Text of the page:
We understand their plan was to put an income-generating fitness suite on the upper floor (or an additional floor) of the St Anne's Pool that would help to cross-subsidise the losses on swimming. At the time we understand that FBC's officers came to the view that their plan was not sufficiently financially robust and declined to get involved.

So given that belief, if they were the ones in the Council's mind whilst negotiating with the YM, then it was probably a bluff that didn't work.

But we also heard that within the last week or so there were sightings of people going into St Anne's Pool and they had been looking at the pool infrastructure.

We understand (as we predicted would happen in earlier articles) that tiles have fallen off the side of the pool (because the water and the pressure they partly relied on to keep them in place disappeared when the pool was emptied). So there is probably £50,000 or so worth of repairs needed to make the pool structure useable again. Arguably, that could be a capital cost, but with £400,000 from the sale of the Heeley Road site at a proper market value, there should be a few bob available for that anyway.

We also understand the pool equipment was inspected.

At first, there were rumours that it was people from Blackpool who were looking to buy some of the St Anne's equipment for their own use, but we can't help wondering, given the Commissar's new found enthusiasm to make Fylde part of a "Greater Blackpool" whether they are looking to see if Blackpool's leisure department could run the St Anne's pool instead of the YMCA.

We understand there is to be a report made to Fylde at the end of June - probably to the Cabinet meeting, and it will set out matters relating to the Swimming Pool.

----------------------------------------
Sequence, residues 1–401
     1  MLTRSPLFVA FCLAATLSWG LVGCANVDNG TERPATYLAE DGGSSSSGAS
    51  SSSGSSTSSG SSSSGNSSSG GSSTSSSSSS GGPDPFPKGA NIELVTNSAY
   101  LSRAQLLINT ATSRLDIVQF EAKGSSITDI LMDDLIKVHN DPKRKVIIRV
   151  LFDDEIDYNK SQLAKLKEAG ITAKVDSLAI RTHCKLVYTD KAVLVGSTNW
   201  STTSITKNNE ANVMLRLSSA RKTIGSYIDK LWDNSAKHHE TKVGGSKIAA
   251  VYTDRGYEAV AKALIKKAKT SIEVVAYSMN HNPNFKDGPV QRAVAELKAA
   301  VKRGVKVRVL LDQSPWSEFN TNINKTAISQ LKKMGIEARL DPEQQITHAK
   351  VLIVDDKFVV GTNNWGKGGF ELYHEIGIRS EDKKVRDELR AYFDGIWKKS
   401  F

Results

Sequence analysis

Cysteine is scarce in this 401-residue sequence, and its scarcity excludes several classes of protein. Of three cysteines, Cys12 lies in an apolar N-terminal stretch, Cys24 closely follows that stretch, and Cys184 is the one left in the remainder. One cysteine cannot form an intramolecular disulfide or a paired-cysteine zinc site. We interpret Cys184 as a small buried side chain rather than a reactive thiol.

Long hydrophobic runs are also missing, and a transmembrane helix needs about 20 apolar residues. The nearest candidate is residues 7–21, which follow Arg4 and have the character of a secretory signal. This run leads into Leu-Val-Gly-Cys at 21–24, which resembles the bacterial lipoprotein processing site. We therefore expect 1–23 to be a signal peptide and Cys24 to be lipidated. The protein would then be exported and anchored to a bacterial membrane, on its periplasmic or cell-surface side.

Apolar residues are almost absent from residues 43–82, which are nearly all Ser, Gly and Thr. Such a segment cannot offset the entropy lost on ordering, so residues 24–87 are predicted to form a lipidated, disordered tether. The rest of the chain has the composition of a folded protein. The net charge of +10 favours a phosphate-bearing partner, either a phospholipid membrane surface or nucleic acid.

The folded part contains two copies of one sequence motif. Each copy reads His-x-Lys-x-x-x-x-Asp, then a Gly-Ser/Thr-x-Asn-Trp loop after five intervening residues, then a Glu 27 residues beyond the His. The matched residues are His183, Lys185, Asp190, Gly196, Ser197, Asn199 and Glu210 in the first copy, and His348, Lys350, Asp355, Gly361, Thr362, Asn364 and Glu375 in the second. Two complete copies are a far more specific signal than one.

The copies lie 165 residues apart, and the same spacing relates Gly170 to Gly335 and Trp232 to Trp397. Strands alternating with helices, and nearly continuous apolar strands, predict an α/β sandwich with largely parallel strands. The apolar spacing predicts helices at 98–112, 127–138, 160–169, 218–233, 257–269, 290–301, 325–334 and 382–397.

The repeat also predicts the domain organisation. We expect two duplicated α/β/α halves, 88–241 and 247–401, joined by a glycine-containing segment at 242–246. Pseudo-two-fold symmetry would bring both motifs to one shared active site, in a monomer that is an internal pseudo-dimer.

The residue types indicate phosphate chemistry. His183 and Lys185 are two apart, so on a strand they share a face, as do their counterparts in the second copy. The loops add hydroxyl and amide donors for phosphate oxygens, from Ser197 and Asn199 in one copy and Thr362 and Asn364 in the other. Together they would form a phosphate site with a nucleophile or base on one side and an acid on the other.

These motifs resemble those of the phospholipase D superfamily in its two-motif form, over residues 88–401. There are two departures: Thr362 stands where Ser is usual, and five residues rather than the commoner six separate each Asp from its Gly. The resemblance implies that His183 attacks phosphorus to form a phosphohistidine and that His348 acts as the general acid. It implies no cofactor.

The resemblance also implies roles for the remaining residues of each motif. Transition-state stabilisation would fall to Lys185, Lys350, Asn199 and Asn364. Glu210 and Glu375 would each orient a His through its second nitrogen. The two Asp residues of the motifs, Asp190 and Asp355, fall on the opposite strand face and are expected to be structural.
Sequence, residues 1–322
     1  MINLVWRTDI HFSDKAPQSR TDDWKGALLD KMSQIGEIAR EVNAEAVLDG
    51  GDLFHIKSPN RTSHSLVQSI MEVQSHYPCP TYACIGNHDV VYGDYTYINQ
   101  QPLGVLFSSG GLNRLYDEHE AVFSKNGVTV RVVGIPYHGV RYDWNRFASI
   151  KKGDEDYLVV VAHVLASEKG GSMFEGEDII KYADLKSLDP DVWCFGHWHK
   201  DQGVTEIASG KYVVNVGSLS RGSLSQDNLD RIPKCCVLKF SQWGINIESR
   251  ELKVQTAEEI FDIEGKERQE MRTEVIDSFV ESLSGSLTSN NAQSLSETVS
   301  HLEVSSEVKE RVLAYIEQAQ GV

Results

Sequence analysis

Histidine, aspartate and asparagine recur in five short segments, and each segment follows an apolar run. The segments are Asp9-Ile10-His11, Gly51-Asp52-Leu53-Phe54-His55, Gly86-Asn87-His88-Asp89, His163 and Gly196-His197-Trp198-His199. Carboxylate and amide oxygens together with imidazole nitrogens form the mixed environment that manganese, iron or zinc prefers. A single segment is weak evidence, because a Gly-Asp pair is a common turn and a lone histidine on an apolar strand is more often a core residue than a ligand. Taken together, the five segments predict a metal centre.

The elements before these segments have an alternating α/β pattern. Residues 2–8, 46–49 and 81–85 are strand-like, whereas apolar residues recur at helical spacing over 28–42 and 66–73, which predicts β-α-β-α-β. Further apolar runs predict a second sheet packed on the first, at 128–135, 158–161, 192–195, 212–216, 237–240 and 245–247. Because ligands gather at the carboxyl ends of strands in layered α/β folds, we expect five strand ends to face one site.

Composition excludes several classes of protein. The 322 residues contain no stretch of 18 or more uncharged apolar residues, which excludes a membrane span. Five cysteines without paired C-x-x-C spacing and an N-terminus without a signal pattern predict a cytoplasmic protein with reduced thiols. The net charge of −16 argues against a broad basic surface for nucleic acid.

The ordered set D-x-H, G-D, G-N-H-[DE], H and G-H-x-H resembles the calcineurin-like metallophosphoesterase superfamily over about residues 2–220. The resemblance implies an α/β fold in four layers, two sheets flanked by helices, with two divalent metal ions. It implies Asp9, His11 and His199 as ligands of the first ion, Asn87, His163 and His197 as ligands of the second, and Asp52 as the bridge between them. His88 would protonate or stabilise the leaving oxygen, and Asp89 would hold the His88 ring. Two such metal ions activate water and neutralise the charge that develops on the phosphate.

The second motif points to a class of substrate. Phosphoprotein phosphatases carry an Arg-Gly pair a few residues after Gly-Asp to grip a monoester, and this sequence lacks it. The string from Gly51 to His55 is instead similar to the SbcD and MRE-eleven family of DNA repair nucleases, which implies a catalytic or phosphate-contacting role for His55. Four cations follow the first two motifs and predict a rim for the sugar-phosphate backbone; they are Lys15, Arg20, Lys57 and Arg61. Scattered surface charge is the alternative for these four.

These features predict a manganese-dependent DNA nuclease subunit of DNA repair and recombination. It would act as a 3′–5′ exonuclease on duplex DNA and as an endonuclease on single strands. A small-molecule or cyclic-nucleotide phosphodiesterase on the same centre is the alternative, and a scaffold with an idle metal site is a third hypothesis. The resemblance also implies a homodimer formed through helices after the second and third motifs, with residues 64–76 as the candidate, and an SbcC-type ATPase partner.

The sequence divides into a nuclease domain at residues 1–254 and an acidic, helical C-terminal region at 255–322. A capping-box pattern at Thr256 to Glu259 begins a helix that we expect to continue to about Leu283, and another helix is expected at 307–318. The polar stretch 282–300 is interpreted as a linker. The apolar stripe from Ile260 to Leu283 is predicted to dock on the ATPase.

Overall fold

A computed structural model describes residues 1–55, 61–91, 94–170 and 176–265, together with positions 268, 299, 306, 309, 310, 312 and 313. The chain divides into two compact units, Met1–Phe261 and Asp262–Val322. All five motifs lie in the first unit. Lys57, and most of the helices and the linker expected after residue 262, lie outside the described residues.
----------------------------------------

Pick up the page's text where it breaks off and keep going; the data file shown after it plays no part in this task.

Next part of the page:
This could, of course, propose anything from 'We've found a way of re-opening it, at least until the next Borough Council election in 2011' to 'Well, when we looked in detail there is so much that now needs spending that we ought to sell it, or include it for another use in a re-vamp of the promenade'

So the crucial issue for this Monday's Council is whether Councillors should agree to the borrowing without really knowing what their £405,000 loan will be used for.

In essence the report for Monday says "Give us authority to borrow the money, then we can decide what we will spend it on" We regard that as an insult to the Council, but we also suspect it is intentional. Re-opening of the pool will no doubt be hinted at, but whether the subsequent report will say that's what should happen, and how much it will cost, is entirely unknown.

The sensible thing would be for the Council to decide to defer the decision until further information on the spending proposals is presented to them and they can make a properly informed decision.

But that's not going to happen. The majority-party machinery and block-voting practice is almost certain to ensure the embarrassing overspend and inadequate reserves are hidden from view by what will become 'backdated borrowing', and it will also commit future taxpayers to funding the present administration's financial incompetence for the next 20 years.

Dated:  6 June 2009